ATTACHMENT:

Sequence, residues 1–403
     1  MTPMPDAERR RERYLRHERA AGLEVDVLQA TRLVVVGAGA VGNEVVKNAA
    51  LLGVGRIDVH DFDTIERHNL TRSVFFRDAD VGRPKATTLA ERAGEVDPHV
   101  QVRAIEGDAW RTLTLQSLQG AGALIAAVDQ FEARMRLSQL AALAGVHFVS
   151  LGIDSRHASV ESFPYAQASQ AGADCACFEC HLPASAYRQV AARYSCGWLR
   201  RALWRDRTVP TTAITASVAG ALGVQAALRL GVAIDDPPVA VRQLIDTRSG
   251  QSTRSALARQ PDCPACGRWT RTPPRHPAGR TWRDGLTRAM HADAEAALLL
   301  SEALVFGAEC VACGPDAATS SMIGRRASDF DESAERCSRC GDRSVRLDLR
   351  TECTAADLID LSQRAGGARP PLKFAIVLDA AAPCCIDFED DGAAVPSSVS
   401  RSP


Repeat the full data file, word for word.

Sequence, residues 1–403
     1  MTPMPDAERR RERYLRHERA AGLEVDVLQA TRLVVVGAGA VGNEVVKNAA
    51  LLGVGRIDVH DFDTIERHNL TRSVFFRDAD VGRPKATTLA ERAGEVDPHV
   101  QVRAIEGDAW RTLTLQSLQG AGALIAAVDQ FEARMRLSQL AALAGVHFVS
   151  LGIDSRHASV ESFPYAQASQ AGADCACFEC HLPASAYRQV AARYSCGWLR
   201  RALWRDRTVP TTAITASVAG ALGVQAALRL GVAIDDPPVA VRQLIDTRSG
   251  QSTRSALARQ PDCPACGRWT RTPPRHPAGR TWRDGLTRAM HADAEAALLL
   301  SEALVFGAEC VACGPDAATS SMIGRRASDF DESAERCSRC GDRSVRLDLR
   351  TECTAADLID LSQRAGGARP PLKFAIVLDA AAPCCIDFED DGAAVPSSVS
   401  RSP